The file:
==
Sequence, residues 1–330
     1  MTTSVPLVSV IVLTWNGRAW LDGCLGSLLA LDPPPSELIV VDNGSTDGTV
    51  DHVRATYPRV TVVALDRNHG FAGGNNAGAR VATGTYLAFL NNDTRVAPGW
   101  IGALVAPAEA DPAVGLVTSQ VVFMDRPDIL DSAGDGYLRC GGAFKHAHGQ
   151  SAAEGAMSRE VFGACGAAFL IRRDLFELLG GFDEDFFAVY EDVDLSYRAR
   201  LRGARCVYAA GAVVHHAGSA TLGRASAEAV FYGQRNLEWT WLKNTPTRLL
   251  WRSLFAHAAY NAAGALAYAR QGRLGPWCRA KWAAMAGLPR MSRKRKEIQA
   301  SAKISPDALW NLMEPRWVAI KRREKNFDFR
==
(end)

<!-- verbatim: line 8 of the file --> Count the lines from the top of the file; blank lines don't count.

   301  SAKISPDALW NLMEPRWVAI KRREKNFDFR